August 9, 1945. Imagine that instead of nuking the Japanese city of Nagasaki, the US government instead lined up 80,000 of its civilians– children and teenagers, babies and the elderly, men and women alike–and shot them in the head and kicked them into a ditch. How would this have been different than dropping a Plutonium bomb on their heads, which in reality ripped them apart, burned them to death or fatally poisoned them?
The government has worked insidiously to convince us since early childhood that there is a difference between foreigners targeting innocent Americans to achieve their objectives and the US government targeting innocent foreigners to achieve its objectives. We are to believe that when others do it, it’s called terrorism, but when the US does it, it’s called foreign policy, or at worst it’s excusable as the euphemism “collateral damage”.
With Hiroshima and Nagasaki in particular, the government has gone so far as telling us tales about how half a million American soldiers would have died if not for its brutal destruction of these two Japanese cities full of civilians, and thus it had to be done.
Well, that is simply false, as confirmed by the military commanders and other government officials at the time. That number was made up by propagandists after the fact and repeated relentlessly over several decades to rationalize the nuclear slaughter of massive numbers of civilians.
The real estimate of soldiers that might be killed in an invasion of Japan was less than one tenth of that number and the Japanese were on the verge of surrendering anyway, holding out on the condition of keeping their emperor (which they ultimately were allowed to do). Yet, we’re supposed to believe that destroying not one but two cities full of civilians with nuclear weapons was strategically necessary?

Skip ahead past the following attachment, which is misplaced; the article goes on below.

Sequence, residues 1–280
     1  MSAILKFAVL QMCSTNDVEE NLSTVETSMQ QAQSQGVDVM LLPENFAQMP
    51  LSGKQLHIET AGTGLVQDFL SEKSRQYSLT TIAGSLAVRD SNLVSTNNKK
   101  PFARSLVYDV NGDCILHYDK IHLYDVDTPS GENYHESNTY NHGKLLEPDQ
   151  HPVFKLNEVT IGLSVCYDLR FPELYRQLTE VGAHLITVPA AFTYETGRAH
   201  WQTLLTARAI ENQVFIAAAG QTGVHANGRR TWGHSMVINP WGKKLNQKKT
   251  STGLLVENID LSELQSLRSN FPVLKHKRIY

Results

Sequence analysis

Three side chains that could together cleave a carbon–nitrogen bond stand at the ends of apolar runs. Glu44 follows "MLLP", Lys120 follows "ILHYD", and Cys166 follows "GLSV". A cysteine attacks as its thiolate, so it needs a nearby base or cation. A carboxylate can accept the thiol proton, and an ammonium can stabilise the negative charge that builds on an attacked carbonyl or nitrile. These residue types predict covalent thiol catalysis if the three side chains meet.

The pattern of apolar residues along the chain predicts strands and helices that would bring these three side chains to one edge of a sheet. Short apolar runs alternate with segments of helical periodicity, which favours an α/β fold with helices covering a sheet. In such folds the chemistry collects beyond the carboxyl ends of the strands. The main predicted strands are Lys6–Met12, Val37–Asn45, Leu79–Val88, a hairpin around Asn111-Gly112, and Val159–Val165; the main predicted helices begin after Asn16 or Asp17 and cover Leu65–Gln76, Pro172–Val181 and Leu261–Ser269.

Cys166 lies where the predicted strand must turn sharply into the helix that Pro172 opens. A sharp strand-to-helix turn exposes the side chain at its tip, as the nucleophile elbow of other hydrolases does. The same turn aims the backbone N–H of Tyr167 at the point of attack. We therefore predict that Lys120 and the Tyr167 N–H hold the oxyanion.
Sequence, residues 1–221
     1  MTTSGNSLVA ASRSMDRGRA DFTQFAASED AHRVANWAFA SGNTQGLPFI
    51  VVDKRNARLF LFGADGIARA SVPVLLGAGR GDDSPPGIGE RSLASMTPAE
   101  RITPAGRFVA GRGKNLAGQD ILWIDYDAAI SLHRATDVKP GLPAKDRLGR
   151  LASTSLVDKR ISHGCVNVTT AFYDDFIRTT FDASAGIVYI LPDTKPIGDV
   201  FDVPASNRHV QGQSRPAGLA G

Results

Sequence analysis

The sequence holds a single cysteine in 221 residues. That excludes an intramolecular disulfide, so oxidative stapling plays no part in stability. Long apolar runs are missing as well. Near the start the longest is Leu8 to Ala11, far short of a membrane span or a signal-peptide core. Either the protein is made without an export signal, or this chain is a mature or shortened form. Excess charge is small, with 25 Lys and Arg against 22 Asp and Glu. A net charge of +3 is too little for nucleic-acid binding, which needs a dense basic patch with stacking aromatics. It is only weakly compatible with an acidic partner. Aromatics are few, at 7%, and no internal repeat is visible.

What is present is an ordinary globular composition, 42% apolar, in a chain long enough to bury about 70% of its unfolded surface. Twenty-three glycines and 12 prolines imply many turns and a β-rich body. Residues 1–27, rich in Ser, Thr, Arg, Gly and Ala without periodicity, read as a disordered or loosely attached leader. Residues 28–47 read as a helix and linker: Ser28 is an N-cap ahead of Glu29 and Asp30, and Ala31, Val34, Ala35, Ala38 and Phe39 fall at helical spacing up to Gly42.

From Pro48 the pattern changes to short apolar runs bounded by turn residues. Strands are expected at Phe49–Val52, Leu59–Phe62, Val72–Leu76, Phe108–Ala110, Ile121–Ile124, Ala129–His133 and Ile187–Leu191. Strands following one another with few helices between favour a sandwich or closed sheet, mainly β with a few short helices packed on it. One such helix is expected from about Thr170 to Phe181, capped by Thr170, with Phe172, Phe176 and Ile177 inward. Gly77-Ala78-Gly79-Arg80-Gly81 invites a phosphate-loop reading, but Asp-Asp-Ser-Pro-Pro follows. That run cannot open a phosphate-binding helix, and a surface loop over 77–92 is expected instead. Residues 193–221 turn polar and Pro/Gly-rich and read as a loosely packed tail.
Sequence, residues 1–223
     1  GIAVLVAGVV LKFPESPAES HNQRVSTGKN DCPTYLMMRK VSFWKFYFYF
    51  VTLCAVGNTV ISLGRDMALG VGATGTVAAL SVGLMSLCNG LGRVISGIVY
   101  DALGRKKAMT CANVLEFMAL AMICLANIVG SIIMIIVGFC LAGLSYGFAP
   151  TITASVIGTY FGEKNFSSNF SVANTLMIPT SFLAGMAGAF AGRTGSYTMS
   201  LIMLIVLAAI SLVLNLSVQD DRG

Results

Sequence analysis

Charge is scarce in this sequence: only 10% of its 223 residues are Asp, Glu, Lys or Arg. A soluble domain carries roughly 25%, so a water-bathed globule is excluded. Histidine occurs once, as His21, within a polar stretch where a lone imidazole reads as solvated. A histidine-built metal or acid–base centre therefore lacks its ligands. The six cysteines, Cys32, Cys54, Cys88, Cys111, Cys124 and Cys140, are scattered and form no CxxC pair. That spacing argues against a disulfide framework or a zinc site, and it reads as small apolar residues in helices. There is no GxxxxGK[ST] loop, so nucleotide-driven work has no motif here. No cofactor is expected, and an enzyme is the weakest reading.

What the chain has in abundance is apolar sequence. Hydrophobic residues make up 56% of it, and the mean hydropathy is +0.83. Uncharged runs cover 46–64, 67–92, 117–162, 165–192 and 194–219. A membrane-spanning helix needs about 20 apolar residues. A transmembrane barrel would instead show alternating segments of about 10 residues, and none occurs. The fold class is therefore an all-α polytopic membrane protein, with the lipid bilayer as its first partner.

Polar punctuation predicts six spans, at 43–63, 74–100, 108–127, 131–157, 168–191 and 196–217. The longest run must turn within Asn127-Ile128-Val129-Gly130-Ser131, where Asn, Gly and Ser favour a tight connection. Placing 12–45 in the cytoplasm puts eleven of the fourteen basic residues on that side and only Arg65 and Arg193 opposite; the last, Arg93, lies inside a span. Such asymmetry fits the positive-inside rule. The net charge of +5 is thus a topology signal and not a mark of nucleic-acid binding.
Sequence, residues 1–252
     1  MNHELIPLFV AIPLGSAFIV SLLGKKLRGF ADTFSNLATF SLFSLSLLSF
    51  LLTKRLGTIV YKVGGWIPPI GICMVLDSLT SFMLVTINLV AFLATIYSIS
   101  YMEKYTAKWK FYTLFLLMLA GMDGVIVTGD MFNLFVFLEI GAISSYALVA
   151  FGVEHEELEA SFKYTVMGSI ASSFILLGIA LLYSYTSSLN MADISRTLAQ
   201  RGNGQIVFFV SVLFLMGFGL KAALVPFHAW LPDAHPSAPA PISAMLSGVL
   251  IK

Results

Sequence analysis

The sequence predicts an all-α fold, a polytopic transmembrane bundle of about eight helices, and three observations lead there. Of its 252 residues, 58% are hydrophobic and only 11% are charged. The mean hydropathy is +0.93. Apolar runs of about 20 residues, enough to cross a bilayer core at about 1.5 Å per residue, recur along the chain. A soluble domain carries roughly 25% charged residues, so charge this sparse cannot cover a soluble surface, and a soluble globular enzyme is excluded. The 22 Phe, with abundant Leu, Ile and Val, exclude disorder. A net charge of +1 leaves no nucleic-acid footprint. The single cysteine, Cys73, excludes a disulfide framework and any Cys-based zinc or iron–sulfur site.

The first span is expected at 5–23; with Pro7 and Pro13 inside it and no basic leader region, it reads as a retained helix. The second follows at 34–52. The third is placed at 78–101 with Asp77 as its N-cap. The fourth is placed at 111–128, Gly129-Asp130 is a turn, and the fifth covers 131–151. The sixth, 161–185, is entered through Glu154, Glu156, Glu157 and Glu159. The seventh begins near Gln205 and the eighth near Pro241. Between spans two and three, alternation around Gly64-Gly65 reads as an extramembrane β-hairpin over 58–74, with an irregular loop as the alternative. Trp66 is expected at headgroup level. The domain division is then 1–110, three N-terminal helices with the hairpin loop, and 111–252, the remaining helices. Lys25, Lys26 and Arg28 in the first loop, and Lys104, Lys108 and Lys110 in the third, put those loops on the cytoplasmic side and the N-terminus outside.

General Dwight D. Eisenhower:
…the Japanese were ready to surrender and it wasn’t necessary to hit them with that awful thing.
Admiral William D. Leahy (president Truman’s chief of staff):
…the use of this barbarous weapon at Hiroshima and Nagasaki was of no material assistance in our war against Japan.
But even if those massively inflated numbers of projected American soldier casualties were true, how can the act of targeting innocents in order to achieve certain goals be logically or morally different depending on who is doing the killing? What if it had been the Germans or Japanese who dropped atomic bombs on cities in the United States or Great Britain? How is that different?
Answer: It isn’t. It’s all the same. Killing innocents is always wrong and wholly unjustifiable in any case, by any perpetrator. Period.
Imperial Japan committed unspeakable atrocities in WWII. We’ve learned about them since we were little kids. There are many days from that horrible war that will live in infamy. But August 6 and August 9, and the intentional slaughter of hundreds of thousands of Japanese civilians by the US government, should live in infamy too.